As the regulatory landscape is more complex than ever, the definition and scope of Financial Security can be difficult to figure out. Why is it important? What are its practical implications for financial institutions? How do financial institutions comply with current regulatory framework? Can Regtechs help? Let us dive in.
What is Financial Security?
Financial security refers to the management of risks related to illegal financial operations, should they come from clients or from internal resources.. Put it plainly, money illegally acquired should not enter the financial system, nor should money legally acquired be used for or by illegal means.
Like every security protocol, it is a chain, which relies on four main links:
Anti-Money Laundering (AML) refers to a set of procedures, laws and regulations designed to stop dirty money laundering.
For example, AML regulations, require banks and other institutions to perform Know Your Clients, Know Your Employees, Know Your Investors procedures; The ‘KYx’ list keeps growing and is not restricted to AML use.
Prior to enforcing the rules, one shall know the patterns that are used to break or circumvent them, in this case how money laundering works:
- Dirty money is obtained through illegal activities (e.g. : drug trades, deals in stolen goods, sales of smuggled goods, trade of people and organs, prostitution, assassination, crime…).
- Then, it is invested in cash-heavy businesses, such as, but not limited to casinos and bars.
- Cash is then injected in the financial system through those businesses banks, or with the direct help of a felonious employee (thus, KYE procedures).
- At that point, money is ’sanctified‘, through legal investments or expensive goods.
The reality is of course far more complex, launderers being endless innovators. However, the base principle is always the same. It has to be fought, as it allows criminal activities to perpetuate, and serves other immoral purposes, such as the financing of terrorism. The business impacts are dreadful as well: it endangers bank’s P&L, puts end client’s assets in danger and ultimately puts more regulatory weight on the financial sector.
Combatting the Financing of Terrorism consists in investigating, analyzing, deterring and preventing sources of financing for terrorist activities.
CFT laws hit terrorists in the purse by detecting suspicious financial transactions and tracking down their participants.
Terrorism financing is dual: it can be uncontaminated cash used to fund criminal activities, thus being the opposite of money laundering, or can implicate laundering mechanisms as to avoid detection, or to clean money acquired through terrorist actions.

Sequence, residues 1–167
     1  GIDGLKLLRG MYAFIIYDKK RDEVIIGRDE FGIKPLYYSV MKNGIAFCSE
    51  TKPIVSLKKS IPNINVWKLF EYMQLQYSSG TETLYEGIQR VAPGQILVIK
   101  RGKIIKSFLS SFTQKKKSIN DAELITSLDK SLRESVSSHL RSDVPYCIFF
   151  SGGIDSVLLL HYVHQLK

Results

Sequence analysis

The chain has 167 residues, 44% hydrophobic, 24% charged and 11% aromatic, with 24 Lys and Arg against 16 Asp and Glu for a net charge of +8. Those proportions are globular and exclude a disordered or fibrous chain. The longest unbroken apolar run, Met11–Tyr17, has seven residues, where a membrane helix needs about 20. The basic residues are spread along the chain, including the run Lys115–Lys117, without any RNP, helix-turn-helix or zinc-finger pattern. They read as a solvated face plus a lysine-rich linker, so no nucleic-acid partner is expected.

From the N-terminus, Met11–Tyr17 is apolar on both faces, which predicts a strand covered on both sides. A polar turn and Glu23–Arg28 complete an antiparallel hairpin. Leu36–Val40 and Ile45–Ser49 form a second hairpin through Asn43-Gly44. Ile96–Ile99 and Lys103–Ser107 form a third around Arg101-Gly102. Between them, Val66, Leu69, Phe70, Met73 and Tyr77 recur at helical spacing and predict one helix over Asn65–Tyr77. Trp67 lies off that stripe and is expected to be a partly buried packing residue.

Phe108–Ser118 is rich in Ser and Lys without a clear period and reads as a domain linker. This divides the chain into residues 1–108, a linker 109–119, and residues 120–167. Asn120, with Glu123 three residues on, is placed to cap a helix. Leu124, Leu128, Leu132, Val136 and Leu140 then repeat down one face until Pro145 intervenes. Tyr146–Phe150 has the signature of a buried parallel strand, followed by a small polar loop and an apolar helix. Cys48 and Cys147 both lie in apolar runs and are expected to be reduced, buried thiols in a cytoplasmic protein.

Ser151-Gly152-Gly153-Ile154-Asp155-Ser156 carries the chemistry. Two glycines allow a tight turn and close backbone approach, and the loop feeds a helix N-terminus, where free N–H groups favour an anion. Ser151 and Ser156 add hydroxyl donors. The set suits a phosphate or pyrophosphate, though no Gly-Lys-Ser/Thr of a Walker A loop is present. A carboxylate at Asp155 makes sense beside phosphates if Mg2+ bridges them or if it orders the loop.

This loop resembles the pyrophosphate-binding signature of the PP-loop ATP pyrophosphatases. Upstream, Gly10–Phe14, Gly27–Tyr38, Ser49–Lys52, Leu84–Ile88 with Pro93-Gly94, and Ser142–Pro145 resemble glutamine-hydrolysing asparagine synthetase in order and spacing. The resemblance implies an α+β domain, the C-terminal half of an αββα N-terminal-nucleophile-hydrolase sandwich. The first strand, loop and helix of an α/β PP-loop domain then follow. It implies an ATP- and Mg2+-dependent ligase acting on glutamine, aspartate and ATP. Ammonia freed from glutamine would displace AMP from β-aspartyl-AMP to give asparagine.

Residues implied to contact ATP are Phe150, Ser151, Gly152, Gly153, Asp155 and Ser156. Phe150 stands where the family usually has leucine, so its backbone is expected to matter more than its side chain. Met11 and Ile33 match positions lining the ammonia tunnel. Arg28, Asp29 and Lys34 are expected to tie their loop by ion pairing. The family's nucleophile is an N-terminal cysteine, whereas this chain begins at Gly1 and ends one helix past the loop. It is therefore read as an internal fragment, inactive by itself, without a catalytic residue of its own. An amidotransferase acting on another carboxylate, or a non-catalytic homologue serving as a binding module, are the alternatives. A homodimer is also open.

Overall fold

Activities that endanger the integrity of human beings such as terrorism, and more straightforward political and economic considerations sometimes bring countries to implement embargoes. They have to be protected.
Embargo Protection refers to the set of regulations designed to ensure that. Embargoes and Financial Sanctions can apply to countries, individuals, specific activities or products. On top of protecting countries against major threats, these regulations are often used as leverage to settle geopolitical issues such as conflicts (eg. Financial Sanctions against Crimea and Sectorial Sanctions against Russia, new sanctions against North Korea) and lately as a weapon in global trade power balance.
Finally, Market operations oversight refers to laws designed to prevent markets and their participants from being abused by rogue operators: market abuse refers to the manipulations used to influence the market, hollowly increasing or shrinking the price of a security or other illegal attempts in manipulating the market for gain.
Why is Financial Security important?
Why combatting terrorism, protecting embargoes and financial markets is vital is rhetorical. The implications of money laundering for economies are less straightforward.
Money laundering, in addition to encouraging criminal activities, is a danger to financial stability: the more illegally acquired money weights in an economy, the less this economy is stable.
A simple allegory to an entire economic system would be a neighborhood. In this neighborhood compete two watch dealers. The first one launders money. The second one is driven by passion. They stand two blocks from each other. As the first one’s purpose is to launder money, it has no incentive to manage its business in an economically sustainable way. Its only goal is to sell by the number, as to maximize its laundering: it will dump prices to maximize sales, thus destroying competition (and our vintage horology aficionado). Someday, the felonious shop will disappear, leaving the neighborhood empty of its financial contribution.